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LFW: Natasha Zinko’s optimism for outer space

By Amber Chow


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Fashion |Interview

Natasha Zinko AW24. Credits: ©Launchmetrics/spotlight

Easily recognisable for her thick, red cork curls, or maybe the playful yet grunge manifesto of her brand ‘For Aliens and Bunnies’, Natasha Zinko has become a prominent figure since graduating in Art and Jewellery Design at Central Saint Martin’s. The London-based designer, originally from Ukraine, officially joined the British Fashion Council (BFC) in June 2015, and has been making a huge impact on the industry.

In the heart of London’s fashion scene in Soho sits Zinko’s two-floored shop, on Brewer Street. And as self-proclaimed ‘Queen of the Boxes’, the designer’s metal warehouse-like store brings life to upcycled cardboard boxes filled with inventory of womenswear, sitting on storage racks.

Natasha Zinko AW24. Credits: ©Launchmetrics/spotlight

The surrounding boxes not only offered crucial support through tough times but acted as a fertile source of inspiration for the silhouettes she created for her spring 2022 collection. Located downstairs is ‘Natashkino’, a charming café that combines the whimsy of pink with a commitment to zero waste, serving gluten-free and dairy-free desserts alongside their signature banana matcha lattes.

A uniform for outer space?

Zinko has been showing on the runway at London Fashion Week (LFW) every year since 2017, and this year is no different, raising the bar with her latest AW24 collection.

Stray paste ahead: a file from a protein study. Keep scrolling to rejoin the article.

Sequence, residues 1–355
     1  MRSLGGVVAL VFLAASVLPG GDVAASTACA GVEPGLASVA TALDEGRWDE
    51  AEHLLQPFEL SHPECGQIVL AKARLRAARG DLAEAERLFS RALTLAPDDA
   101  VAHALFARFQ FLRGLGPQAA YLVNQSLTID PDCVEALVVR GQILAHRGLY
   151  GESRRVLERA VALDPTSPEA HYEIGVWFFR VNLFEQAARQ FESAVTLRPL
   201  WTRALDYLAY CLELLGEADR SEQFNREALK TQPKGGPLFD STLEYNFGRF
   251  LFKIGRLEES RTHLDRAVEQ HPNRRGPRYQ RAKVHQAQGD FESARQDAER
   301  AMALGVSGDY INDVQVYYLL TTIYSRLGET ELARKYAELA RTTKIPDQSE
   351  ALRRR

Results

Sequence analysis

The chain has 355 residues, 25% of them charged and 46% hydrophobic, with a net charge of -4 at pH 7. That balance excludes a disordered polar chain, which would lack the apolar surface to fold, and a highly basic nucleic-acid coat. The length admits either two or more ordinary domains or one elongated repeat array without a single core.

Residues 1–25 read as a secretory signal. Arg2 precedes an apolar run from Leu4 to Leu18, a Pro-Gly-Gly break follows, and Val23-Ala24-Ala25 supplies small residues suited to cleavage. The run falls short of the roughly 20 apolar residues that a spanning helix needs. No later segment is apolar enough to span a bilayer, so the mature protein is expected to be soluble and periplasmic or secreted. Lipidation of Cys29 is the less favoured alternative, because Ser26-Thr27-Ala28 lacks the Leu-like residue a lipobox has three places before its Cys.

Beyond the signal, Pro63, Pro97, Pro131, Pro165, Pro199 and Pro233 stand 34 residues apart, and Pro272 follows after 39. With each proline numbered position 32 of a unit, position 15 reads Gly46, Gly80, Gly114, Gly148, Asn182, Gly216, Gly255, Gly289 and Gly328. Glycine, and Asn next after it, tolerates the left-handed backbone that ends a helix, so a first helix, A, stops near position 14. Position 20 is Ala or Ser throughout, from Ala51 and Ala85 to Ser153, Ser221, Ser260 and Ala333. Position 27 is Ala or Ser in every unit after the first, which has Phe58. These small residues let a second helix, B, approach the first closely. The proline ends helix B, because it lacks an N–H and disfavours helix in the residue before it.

Designing a uniform for our future travels to space perhaps? The designer tells FashionUnited: “There is the idea of hope that one day maybe we’ll fly to space, and I’m full of optimism that it’ll happen.”

Natasha Zinko AW24. Credits: ©Launchmetrics/spotlight
Natasha Zinko AW24. Credits: ©Launchmetrics/spotlight

In SS24, she turned her focus inward to explore our ‘inner monsters’ and then downward to the ground; now, her gaze is directed upward and forward, envisioning styles for a future era where the extraordinary becomes commonplace. Her collection ‘Space Race’ reimagines the 60’s mod-inspired aesthetic and reflects on the era of the space race between the Cold War rivals, the US and the Soviet Union. Space suits were recreated into structured jackets with large sleeves, and baggy pants with strips of padded fabric.

Alternatively, off-duty astronauts sport padded ‘tighty whities’. Flight attendants wear neat, zip-up white and beige-pink dresses in mini and midi lengths offering a contemporary take on 1960s air hostess uniforms. Vintage cargo pants were transformed into baggy trousers paired with matching jackets that draped at the front. Even the priority of comfort in outer space was taken into consideration with platform-less leather boots and no heel too high.

Natasha Zinko AW24. Credits: ©Launchmetrics/spotlight

Models were presented in minimal makeup along with their scalps wrapped tightly in a mesh hairnet, with hair either dishevelled or wrapped in a structured balaclava. Masked in futuristic narrow Cyclops 3D printed sunglasses.

Everything from the industrial venue, set in Shoreditch’s Truman Brewery, to the booming techno soundtrack set the scene for our future uniform in outer space. One thing we can all take from this is a “hope for a better future, with so many environmental problems going on, we need hope” says the cult designer herself.

Natasha Zinko AW24. Credits: ©Launchmetrics/spotlight
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Natasha Zinko